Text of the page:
Music and Musical Thought in Early India

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University of Chicago Press, Dec 25, 2015 - Music - 428 pages
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Offering a broad perspective of the philosophy, theory, and aesthetics of early Indian music and musical ideology, this study makes a unique contribution to our knowledge of the ancient foundations of India's musical culture. Lewis Rowell reconstructs the tunings, scales, modes, rhythms, gestures, formal patterns, and genres of Indian music from Vedic times to the thirteenth century, presenting not so much a history as a thematic analysis and interpretation of India's magnificent musical heritage.

In Indian culture, music forms an integral part of a broad framework of ideas that includes philosophy, cosmology, religion, literature, and science. Rowell works with the known theoretical treatises and the oral tradition in an effort to place the technical details of musical practice in their full cultural context. Many quotations from the original Sanskrit appear here in English translation for the first time, and the necessary technical information is presented in terms accessible to the nonspecialist. These features, combined with Rowell's glossary of Sanskrit terms and extensive bibliography, make Music and Musical Thought in Early India an excellent introduction for the general reader and an indispensable reference for ethnomusicologists, historical musicologists, music theorists, and Indologists.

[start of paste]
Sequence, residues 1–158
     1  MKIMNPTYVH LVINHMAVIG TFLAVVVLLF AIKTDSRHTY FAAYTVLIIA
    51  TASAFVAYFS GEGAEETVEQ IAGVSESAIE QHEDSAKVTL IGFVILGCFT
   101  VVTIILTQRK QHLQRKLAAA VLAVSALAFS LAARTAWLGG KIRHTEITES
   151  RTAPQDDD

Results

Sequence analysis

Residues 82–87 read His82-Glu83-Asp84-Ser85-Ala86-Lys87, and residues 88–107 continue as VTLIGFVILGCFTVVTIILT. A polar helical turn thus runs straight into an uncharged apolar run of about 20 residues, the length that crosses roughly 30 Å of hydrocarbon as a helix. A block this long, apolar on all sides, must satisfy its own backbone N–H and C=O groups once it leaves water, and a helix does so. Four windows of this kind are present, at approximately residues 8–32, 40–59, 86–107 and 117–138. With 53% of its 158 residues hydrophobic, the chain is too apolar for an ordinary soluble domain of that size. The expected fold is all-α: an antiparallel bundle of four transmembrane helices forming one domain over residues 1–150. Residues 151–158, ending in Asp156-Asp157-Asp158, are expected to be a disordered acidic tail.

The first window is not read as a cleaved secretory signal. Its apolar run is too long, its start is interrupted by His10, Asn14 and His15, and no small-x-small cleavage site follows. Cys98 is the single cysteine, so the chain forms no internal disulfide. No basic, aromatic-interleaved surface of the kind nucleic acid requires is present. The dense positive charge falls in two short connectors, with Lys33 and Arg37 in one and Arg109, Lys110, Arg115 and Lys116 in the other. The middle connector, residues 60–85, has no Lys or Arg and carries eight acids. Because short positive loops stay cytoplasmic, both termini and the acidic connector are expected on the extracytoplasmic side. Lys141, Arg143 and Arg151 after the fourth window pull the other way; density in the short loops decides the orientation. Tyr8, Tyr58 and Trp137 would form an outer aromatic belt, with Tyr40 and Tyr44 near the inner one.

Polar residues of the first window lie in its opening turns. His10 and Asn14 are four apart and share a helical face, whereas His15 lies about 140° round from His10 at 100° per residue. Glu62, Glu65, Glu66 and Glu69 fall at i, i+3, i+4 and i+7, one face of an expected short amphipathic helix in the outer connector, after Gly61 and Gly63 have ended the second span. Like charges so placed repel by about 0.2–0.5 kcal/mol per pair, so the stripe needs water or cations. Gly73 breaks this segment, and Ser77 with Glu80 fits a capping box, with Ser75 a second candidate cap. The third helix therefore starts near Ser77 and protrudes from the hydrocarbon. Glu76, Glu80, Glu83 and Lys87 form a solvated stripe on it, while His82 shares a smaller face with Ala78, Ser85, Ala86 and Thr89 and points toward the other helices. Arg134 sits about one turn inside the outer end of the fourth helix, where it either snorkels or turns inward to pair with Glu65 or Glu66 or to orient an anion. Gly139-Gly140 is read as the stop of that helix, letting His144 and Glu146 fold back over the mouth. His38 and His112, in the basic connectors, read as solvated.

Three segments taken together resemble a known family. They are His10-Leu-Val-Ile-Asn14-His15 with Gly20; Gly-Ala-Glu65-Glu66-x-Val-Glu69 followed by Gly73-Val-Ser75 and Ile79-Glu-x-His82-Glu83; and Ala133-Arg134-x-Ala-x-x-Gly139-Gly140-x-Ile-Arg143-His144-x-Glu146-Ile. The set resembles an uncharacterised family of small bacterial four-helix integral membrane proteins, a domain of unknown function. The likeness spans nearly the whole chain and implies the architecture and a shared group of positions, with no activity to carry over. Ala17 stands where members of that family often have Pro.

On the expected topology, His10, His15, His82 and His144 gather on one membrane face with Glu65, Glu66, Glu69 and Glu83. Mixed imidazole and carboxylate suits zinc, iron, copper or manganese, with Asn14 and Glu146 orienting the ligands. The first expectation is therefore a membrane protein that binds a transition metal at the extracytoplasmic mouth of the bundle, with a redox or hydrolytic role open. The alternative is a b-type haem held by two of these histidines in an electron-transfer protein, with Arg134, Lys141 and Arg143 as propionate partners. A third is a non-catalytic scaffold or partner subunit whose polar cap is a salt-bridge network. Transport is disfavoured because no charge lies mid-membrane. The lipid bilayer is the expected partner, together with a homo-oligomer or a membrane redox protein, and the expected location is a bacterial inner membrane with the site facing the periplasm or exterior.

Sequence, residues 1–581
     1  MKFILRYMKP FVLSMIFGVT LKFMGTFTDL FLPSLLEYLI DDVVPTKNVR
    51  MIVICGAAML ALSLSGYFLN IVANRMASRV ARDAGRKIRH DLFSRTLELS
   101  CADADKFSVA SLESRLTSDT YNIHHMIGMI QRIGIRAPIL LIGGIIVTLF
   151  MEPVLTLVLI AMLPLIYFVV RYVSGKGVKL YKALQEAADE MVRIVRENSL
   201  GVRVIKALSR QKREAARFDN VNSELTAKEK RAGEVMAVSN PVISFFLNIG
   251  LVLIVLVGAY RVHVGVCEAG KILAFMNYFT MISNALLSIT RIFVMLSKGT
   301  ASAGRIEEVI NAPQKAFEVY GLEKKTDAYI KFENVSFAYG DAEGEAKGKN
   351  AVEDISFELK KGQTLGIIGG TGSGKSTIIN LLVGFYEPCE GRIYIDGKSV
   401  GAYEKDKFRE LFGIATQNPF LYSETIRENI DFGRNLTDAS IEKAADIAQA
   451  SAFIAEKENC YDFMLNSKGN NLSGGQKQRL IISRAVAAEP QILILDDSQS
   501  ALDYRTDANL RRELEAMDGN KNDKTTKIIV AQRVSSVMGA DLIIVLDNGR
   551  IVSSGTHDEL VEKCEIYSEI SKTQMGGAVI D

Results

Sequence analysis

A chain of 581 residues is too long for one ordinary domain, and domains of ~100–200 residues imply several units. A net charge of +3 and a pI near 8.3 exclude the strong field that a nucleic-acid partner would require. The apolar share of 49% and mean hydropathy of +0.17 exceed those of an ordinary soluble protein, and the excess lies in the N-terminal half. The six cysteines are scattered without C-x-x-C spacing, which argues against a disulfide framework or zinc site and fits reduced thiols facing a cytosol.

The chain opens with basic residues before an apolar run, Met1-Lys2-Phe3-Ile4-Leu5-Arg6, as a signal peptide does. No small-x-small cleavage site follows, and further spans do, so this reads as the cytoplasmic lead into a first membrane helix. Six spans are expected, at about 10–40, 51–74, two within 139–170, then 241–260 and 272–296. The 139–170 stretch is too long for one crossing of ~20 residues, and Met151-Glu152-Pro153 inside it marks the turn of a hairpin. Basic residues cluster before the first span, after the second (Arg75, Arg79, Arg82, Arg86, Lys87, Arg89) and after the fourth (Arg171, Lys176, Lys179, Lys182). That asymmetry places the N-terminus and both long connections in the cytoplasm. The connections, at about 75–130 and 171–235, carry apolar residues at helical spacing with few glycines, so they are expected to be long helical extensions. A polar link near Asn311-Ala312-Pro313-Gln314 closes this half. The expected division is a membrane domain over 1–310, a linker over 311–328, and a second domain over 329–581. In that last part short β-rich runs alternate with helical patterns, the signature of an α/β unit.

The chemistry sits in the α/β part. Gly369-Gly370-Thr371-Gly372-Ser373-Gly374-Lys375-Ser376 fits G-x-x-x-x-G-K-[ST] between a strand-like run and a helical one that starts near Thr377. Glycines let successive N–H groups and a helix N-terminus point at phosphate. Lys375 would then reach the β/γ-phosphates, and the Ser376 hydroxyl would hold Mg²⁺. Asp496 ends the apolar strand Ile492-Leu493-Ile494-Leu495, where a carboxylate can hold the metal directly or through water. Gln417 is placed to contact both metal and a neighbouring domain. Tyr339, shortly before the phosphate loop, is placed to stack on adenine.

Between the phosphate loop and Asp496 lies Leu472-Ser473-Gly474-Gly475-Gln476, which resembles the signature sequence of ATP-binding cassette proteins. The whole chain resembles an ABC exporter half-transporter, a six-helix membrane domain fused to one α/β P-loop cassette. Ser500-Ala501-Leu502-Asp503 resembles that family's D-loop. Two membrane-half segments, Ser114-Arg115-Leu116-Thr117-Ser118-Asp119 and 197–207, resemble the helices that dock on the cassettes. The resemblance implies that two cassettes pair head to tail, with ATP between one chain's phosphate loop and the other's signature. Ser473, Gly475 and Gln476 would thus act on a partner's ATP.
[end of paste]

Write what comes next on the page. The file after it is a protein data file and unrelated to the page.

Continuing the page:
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Contents

About the Frontispiece
3
1 Introduction
5
2 Thought
23
3 Sound
35
4 Chant
56
5 Theater
91
6 Śastra
119
7 Pitch
144
9 Form
225
10 Song
269
11 Style
295
12 Afterthoughts
338
Notes
345
Glossary of Sanskrit Terms
381
Bibliography
387
Index
397

8 Time
180

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About the author (2015)

Lewis Rowell is professor emeritus at the Jacobs School of Music at Indiana University.

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